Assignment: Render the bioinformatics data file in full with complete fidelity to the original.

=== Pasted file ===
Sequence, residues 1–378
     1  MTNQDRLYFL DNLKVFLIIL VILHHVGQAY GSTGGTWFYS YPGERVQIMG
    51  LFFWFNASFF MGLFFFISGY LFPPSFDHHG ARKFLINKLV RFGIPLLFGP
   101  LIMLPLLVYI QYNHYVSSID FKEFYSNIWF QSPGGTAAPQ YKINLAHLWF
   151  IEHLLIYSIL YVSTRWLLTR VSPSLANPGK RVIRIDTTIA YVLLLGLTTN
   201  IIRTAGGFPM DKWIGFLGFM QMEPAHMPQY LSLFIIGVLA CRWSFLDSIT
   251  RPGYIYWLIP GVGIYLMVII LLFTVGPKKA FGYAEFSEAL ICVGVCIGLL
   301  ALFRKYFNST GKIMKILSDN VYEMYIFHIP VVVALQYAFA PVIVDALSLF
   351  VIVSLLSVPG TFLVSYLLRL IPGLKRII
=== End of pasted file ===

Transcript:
Sequence, residues 1–378
     1  MTNQDRLYFL DNLKVFLIIL VILHHVGQAY GSTGGTWFYS YPGERVQIMG
    51  LFFWFNASFF MGLFFFISGY LFPPSFDHHG ARKFLINKLV RFGIPLLFGP
   101  LIMLPLLVYI QYNHYVSSID FKEFYSNIWF QSPGGTAAPQ YKINLAHLWF
   151  IEHLLIYSIL YVSTRWLLTR VSPSLANPGK RVIRIDTTIA YVLLLGLTTN
   201  IIRTAGGFPM DKWIGFLGFM QMEPAHMPQY LSLFIIGVLA CRWSFLDSIT
   251  RPGYIYWLIP GVGIYLMVII LLFTVGPKKA FGYAEFSEAL ICVGVCIGLL
   301  ALFRKYFNST GKIMKILSDN VYEMYIFHIP VVVALQYAFA PVIVDALSLF
   351  VIVSLLSVPG TFLVSYLLRL IPGLKRII